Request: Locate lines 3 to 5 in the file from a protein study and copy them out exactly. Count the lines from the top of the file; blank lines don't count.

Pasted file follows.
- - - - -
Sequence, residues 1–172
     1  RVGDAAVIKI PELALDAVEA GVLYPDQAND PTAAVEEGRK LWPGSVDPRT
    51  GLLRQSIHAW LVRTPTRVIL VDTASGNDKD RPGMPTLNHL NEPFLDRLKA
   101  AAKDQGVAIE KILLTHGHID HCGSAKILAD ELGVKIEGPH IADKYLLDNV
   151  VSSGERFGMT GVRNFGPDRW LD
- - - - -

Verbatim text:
    51  GLLRQSIHAW LVRTPTRVIL VDTASGNDKD RPGMPTLNHL NEPFLDRLKA
   101  AAKDQGVAIE KILLTHGHID HCGSAKILAD ELGVKIEGPH IADKYLLDNV
   151  VSSGERFGMT GVRNFGPDRW LD